The county funds alcohol, drug, and mental health services. That county department, ADMHS, itself the subject of heavy criticism, offers annual training sessions for law enforcement on dealing with mental health crises. It stands to reason that SBPD is probably called out to deal with individuals experiencing mental health crises on the streets pretty regularly. So why not flood these training sessions with officers to better equip them?

ADMHS has tens of millions of dollars available through the Mental Health Services Act (MHSA). Those funds can be used for increased outreach to mentally ill individuals on our streets, supportive housing for them, and other crisis services we clearly need. Can our county supervisors direct ADMHS to prioritize MHSA funds to help reduce the number of severely mentally ill individuals on our streets? Are our city leaders aggressively lobbying the county supervisors in this direction?

ADMHS also has a number of job openings on the mental health side, with a hiring backlog approaching 100 for some time. There is a fairly new emphasis in hiring for cultural competency, but it’s resulting in turning away good people that are not bilingual. Are there not options for translators or bilingual contract staff to close the gap?

At the same time the flat homeless count was released, the County Supervisors’ pay hikes made the news. Pay raises for government officials and staff are always controversial. Taxpayers resent paying increased salaries, and it’s a somewhat poor argument to use salaries in other jurisdictions as the basis for increases, rather than performance, as multiple op-ed writers have noted. The problem is gaming the system. The first county to increase their pay paves the way for other counties to follow suit, whether warranted or not. Our county supervisors make less than some of their staff. They’re not rolling in the dough. But the optics, as they say in DC, aren’t good.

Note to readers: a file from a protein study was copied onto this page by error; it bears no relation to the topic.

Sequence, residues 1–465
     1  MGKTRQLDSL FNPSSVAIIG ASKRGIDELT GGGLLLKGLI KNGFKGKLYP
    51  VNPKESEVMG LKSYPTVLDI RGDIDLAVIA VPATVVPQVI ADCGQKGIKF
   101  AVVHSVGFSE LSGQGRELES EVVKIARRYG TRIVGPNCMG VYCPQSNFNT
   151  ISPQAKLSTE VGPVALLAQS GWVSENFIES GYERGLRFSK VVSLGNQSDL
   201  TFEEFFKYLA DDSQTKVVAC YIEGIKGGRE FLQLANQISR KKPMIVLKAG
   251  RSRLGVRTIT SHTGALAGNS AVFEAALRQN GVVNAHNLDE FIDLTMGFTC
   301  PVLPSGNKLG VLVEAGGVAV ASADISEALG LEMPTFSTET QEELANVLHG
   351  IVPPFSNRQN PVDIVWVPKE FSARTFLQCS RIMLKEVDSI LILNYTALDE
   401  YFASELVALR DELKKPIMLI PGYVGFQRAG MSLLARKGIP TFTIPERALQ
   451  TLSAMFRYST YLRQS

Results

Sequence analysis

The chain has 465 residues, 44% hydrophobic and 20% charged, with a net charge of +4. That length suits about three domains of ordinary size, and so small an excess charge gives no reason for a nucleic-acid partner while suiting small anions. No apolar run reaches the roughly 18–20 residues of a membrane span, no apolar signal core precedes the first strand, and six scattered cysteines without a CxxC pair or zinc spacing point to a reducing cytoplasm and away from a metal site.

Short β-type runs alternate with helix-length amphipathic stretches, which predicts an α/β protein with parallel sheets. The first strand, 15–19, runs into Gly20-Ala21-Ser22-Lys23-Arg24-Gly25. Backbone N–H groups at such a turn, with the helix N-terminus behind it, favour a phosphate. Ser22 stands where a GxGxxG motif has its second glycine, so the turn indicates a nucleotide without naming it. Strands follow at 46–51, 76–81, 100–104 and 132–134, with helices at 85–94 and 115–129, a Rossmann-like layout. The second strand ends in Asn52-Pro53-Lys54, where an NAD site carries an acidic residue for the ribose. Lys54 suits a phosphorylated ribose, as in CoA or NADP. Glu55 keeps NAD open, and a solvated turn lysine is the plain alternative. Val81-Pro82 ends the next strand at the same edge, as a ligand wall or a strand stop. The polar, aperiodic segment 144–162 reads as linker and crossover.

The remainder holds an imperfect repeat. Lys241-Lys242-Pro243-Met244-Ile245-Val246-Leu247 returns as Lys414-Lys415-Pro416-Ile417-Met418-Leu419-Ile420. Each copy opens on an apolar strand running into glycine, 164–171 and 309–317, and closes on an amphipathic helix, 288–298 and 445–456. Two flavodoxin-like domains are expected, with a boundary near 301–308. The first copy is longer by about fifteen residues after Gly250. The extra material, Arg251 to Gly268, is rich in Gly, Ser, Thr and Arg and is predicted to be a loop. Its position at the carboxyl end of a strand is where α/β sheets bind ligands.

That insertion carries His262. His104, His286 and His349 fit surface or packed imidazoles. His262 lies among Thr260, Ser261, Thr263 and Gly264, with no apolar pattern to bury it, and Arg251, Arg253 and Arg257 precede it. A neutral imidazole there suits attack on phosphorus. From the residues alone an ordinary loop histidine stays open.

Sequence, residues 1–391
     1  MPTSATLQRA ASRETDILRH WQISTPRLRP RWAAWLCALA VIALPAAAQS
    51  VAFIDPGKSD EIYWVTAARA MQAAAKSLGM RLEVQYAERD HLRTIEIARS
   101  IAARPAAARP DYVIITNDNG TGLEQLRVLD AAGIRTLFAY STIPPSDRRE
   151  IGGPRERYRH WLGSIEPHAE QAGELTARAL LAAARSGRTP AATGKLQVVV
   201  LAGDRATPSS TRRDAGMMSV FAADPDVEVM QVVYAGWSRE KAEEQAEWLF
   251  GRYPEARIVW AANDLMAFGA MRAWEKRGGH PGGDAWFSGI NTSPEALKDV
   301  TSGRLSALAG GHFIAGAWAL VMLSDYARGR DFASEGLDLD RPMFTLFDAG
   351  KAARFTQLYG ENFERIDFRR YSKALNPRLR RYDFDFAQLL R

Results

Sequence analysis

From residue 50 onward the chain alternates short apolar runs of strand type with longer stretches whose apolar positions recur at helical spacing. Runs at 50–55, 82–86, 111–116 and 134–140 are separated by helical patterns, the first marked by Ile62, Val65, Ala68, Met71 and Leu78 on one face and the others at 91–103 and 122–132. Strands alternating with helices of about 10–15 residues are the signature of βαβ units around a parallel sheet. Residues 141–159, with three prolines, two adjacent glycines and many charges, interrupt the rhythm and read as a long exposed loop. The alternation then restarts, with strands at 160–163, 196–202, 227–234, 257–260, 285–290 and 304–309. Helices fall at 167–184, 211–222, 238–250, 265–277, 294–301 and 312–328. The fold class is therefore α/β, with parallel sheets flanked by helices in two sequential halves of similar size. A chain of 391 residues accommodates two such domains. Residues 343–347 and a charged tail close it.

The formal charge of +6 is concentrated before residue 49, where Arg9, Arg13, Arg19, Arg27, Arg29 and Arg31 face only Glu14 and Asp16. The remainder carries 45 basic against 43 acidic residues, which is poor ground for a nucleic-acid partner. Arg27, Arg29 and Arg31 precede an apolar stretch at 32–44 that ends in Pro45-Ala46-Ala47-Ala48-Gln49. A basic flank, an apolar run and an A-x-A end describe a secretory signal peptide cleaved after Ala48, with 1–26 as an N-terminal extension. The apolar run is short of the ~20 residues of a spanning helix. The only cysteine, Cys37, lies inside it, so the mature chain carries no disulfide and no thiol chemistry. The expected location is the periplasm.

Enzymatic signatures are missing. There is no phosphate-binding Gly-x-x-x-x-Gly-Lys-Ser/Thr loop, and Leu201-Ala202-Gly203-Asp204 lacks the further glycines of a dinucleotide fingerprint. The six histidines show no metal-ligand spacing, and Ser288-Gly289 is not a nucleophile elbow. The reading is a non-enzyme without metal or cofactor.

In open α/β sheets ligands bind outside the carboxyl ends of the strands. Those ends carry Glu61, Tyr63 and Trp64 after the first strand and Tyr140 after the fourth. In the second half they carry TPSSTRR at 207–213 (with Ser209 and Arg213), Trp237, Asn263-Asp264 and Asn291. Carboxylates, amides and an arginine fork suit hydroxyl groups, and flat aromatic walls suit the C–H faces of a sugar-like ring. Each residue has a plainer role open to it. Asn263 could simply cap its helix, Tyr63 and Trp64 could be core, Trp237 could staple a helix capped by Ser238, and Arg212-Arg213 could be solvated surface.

Infrastructure is a huge city and county challenge across the United States. How is it that at one time we could build all these bridges, roads, and buildings, but can no longer afford to maintain them? I am not a civil engineer, so am admittedly not expert, but it seems to me it’s probably more difficult to maintain a 50 year-old Ferrari in perfect condition than it is to buy a new one. Trying to find parts alone would be an ordeal. Edison, though not a government entity, is wrestling with 100 year-old infrastructure in our downtown, built when the area was not nearly so densely commercial. That aging infrastructure can’t handle today’s load; witness the blackouts. Edison would likely find it far less onerous to wire up a new downtown yet-to-be-built versus upgrading 100 year-old infrastructure buried underground. Sometimes, maintenance is just harder than demolish / build new. We’ve built an awful lot of stuff through the industrial era, and I guess we’ve hit critical mass in what it now takes to keep it all up.

Throw in district elections, rental market squeezes, IV, public pensions, and so on, and… well, it’s a critical time, as always. Consider this a plea for good governance, whatever times we’re in.